When you have national debt equaling over 300% of GDP and much of it you owe to so called investors, “feeders” of your economy, you know you are under neo-colonialism.

    When you realize that you have to spend 150% of the budget on debt, that’s over 70% foreign currency denominated debt, you know you are under neo-colonialism.

    When your country is under oversized external debt and beg everyone for more money and get noting and gets ready to sell anything you possess, you know you are under neo-colony.

  • 3
    Marissa J. Smith wrote on 28 November 2016:

    I just reread Katherine Verdery’s essay “A Transition from Socialism to Feudalism?: Thoughts on the Postsocialist State” in the collection “Socialism, What Was it, and What Comes Next?” Very resonant with Mongolia’s situation today, and in many of the ways brought up in your points here.

    I would also like an elaboration on the colony/neo-colony point! A comparison of Mongolia and the Zambian copper-belt would be very interesting, I don’t know that one exists (other than a very cursory one in the literature review of my dissertation!). Also (particularly since the mining projects are dormant and look like they will continue to be for some time) the Steppe Road/Silk Road/One Road, which is being treated as a way out of the crisis, would be good to look at with a “colonialism” lens.

  • 4
    Lauren Bonilla wrote on 29 November 2016:

    Tuvshin, Marissa: If I remember correctly, the person who brought up the point about neo-colonialism pointed to the asymmetries in political, legal, and economic power between Mongolia and the countries given as examples, including business interests located in those countries, not just governments. I don’t recall the specific example from the US, though there was discussion about how debt has put Mongolia in a vulnerable relationship with creditors (many of whom are based in the United States/US markets). IMF was also discussed.

    Perhaps if the person who contributed this idea reads this discussion, they will provide further elaboration on their point.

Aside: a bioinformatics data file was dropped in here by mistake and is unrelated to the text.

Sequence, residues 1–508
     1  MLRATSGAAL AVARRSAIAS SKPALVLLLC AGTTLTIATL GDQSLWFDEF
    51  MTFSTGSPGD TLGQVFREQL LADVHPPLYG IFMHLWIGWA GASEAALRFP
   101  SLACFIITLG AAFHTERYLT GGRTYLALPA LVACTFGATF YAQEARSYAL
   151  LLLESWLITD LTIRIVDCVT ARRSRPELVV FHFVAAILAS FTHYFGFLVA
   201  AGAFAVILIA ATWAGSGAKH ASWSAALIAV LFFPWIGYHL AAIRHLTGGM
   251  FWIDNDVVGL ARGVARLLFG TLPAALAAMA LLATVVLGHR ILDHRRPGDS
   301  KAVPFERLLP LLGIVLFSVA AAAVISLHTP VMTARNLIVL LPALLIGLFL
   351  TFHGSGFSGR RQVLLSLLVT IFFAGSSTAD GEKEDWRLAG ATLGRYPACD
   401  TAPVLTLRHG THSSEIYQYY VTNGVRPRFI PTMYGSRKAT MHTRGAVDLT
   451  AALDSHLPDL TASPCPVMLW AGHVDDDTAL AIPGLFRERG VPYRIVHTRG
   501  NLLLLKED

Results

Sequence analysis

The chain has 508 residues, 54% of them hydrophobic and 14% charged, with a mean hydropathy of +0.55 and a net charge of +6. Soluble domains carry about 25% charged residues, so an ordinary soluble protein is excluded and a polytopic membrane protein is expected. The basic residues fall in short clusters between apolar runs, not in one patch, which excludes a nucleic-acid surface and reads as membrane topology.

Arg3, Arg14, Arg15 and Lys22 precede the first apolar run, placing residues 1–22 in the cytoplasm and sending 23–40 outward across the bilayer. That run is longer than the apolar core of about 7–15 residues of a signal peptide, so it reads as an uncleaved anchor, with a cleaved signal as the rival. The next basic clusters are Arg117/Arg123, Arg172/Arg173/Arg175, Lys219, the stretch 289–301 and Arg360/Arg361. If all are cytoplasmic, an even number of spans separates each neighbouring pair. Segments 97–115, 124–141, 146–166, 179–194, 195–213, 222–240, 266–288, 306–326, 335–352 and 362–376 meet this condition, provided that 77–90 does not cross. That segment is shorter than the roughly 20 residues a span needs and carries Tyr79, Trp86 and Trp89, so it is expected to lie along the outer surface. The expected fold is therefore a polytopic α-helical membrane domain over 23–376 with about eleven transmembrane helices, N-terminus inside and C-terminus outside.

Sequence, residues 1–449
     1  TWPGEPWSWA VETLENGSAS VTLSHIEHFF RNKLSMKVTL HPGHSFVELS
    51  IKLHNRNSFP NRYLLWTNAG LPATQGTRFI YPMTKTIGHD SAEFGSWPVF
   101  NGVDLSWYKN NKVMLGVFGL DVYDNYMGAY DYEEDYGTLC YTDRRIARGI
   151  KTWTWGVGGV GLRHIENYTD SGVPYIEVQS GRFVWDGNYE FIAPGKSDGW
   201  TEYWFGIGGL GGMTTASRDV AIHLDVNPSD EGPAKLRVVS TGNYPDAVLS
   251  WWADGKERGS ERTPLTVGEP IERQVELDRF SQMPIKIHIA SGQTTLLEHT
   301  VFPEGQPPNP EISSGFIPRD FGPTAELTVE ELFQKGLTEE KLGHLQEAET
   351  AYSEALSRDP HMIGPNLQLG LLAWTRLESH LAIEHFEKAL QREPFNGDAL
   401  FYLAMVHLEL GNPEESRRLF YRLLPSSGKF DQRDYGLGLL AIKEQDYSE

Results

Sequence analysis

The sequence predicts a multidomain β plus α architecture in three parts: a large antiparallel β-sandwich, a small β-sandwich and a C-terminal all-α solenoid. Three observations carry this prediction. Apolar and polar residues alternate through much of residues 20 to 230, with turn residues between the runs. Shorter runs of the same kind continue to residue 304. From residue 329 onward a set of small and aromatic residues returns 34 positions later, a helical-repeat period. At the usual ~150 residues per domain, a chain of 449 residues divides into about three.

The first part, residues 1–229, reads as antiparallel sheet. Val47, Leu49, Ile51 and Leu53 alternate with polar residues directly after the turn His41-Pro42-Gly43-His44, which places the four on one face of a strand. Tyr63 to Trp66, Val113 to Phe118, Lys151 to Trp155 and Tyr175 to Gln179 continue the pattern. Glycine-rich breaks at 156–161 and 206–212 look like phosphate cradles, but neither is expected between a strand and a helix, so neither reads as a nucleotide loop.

Marissa, thanks for bringing up the relevance of these features of capitalism to Katherine Verdery’s essay. It will be good to take another look at that. There is certainly fertile ground to explore a comparison between Mongolia and Zambia! China’s One Belt/One Road initiative was brought up by one participant as something that will have great influence on Mongolia and how the economy will take shape in the future.

    From my research, it seems that while some aspects of the mining industry are dormant (like exploration or large-scale greenfield investments) a number of projects are active and in some cases even expanding despite the economic situation. However, the form, content, and scale of mining is changing because of new pressures (lack of liquidity, debt distress, no new investments in infrastructure development, etc.), and this is likely to impact relations of dependency with foreign governmental, corporate, and financial actors.

  • 5
    Marissa J. Smith wrote on 1 December 2016:

    Thanks Lauren!

    That extra context is really helpful, though I also hope that the person who brought up colonialism at the meeting can jump in.

    Looking forward to hearing about your observations on some expansions in the mining sector. As far as One Belt/One Road, I am extremely skeptical about much materializing — and thanks for mentioning it as I need the extra impetus to expand a talk I gave last year and publish on it!